Posts Tagged ‘science’

Good Heavens

Wednesday, October 25th, 2017

Like many of you, I avidly read the newspaper accounts of new astronomical discoveries. I was particularly pleased recently by the news that two neutron stars had been observed as they collided. The results in astrophysical terms were as predicted, and scientists couldn’t have been more pleased.

I can’t begin to explain exactly what all this means. Dark matter and black holes are mysteries to me–layperson terms for almost inconceivably complex mathematical equations.

Yet as a person who believes in a Creator God, I find these discoveries deeply satisfying. I know that the universe could just “happen” to exist. I just can’t believe that this all occurred by chance. “The heavens declare the glory of God…” —J. Douglas Ousley


Monday, July 24th, 2017

On the recommendation of a friend, I recently read Yuval Noah Hariri’s Sapiens–a long and fascinating look at humanity, past, present, and future. Although it does not, in my view, treat religion fairly, the book is well worth reading.

As far as the future of Homo sapiens, Harari makes an interesting observation about the brave new world of bioengineering. He notes that if it becomes possible to bioengineer the human body to eliminate the effects of aging, that development won’t automatically lead to human happiness. For the first people to live indefinitely will be envied by those still age normally. And the elite who profit from bioengineering will still be afraid of accidental death.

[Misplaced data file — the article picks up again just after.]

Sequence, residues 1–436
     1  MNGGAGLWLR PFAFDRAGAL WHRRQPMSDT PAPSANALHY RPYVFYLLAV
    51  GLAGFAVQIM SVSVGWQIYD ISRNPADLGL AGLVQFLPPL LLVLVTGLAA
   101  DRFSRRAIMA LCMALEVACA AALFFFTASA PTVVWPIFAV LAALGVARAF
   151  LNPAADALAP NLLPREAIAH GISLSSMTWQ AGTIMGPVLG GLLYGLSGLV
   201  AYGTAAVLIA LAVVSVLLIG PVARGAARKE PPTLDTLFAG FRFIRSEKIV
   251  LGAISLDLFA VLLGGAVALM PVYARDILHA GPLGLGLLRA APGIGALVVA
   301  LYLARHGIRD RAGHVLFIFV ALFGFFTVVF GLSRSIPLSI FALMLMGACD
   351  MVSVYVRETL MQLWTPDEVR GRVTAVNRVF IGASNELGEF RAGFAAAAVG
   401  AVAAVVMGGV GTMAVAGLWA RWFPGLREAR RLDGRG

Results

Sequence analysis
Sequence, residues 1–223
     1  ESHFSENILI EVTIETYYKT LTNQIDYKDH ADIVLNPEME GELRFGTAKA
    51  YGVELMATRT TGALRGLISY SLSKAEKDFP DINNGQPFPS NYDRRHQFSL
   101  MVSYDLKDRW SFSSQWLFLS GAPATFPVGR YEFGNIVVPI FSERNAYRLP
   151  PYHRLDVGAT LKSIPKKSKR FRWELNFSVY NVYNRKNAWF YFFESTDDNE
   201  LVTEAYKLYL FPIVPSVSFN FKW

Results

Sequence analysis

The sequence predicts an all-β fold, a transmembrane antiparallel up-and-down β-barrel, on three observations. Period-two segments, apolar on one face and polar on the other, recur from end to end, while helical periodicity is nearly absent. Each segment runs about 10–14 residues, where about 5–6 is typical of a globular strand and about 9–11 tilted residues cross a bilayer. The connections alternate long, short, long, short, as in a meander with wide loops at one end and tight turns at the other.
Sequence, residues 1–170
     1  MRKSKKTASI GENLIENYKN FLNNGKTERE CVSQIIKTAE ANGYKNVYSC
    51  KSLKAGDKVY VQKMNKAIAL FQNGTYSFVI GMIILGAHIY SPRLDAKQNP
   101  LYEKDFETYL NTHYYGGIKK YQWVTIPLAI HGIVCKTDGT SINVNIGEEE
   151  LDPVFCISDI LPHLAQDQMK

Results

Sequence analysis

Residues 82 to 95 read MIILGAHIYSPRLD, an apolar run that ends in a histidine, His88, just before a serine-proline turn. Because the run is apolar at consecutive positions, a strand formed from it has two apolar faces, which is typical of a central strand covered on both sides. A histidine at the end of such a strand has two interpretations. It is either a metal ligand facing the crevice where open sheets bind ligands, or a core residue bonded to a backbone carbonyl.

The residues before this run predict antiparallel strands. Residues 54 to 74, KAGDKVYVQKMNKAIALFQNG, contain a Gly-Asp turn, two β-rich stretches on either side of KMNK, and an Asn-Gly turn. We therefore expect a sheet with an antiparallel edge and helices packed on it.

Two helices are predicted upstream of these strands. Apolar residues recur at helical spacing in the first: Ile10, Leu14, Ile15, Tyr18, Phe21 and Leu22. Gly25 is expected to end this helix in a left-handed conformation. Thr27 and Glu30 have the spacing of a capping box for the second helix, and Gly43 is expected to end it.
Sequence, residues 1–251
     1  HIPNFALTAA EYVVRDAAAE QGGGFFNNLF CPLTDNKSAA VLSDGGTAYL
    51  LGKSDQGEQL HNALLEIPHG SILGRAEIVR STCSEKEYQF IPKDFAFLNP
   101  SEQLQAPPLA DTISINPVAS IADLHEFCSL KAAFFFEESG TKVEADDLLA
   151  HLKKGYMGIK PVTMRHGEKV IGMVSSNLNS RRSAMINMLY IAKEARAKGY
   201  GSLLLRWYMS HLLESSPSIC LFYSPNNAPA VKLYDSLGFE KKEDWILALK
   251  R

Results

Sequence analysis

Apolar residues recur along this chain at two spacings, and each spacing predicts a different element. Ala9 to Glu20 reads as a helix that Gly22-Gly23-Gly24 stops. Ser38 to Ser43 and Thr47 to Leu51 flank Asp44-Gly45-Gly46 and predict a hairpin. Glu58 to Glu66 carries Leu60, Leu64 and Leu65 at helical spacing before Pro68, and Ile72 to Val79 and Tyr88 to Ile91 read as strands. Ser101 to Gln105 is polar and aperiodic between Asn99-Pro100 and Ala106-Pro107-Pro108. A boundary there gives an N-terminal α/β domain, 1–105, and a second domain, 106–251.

Even utopias have their downsides. At least, this side of Heaven. —J. Douglas Ousley

Not so Incompatible

Monday, January 9th, 2017

I recently heard a talk by the noted Episcopalian spiritual writer, Barbara Cawthorne Crafton. Mother Crafton read from her new book, The Also Life, which offers insights into the relationship between science and religion.

This is, of course, a vast topic. Many theologians with little knowledge of science make unconvincing claims about whether it clashes with faith; many scientists with little knowledge of religion make equally ignorant claims.

Mother Crafton takes a poetic tack, which is surely an approach worth pursuing. She spoke of the eternal presence of God as a way in which we share life (the “also life,” not the afterlife) with those whom we love who have departed this world. You can’t exactly put that thought into the language of modern physics, but the poetry of the Eternal Now (as Paul Tillich described God) is accessible to Christians who also accept the claims of modern science. —J. Douglas Ousley

Dark Matter and Dinosaurs

Monday, May 2nd, 2016

A new book by Harvard physicist, Lisa Randall, Dark Matter and the Dinosaurs proposes a link between the mysterious “dark matter” near our galaxy and the extinction of the dinosaurs. The argument is complicated but, in essence, Randall argues that the dark matter occasionally (every 30 million years or so!) knocks asteroids orbiting our sun off course. It was one of these asteroids that hit the earth and caused the massive global cooling that killed off the large dinosaurs.

Randall’s book is straight (and very clearly-written) science. But the religious reader can’t help noting that once again, an apparent advance in science has made the universe look even more complicated than we thought. Professor Randall apologizes for the complication–but Christians may suspect that the marvels of creation will lead to wonder at the universe God has made. —J. Douglas Ousley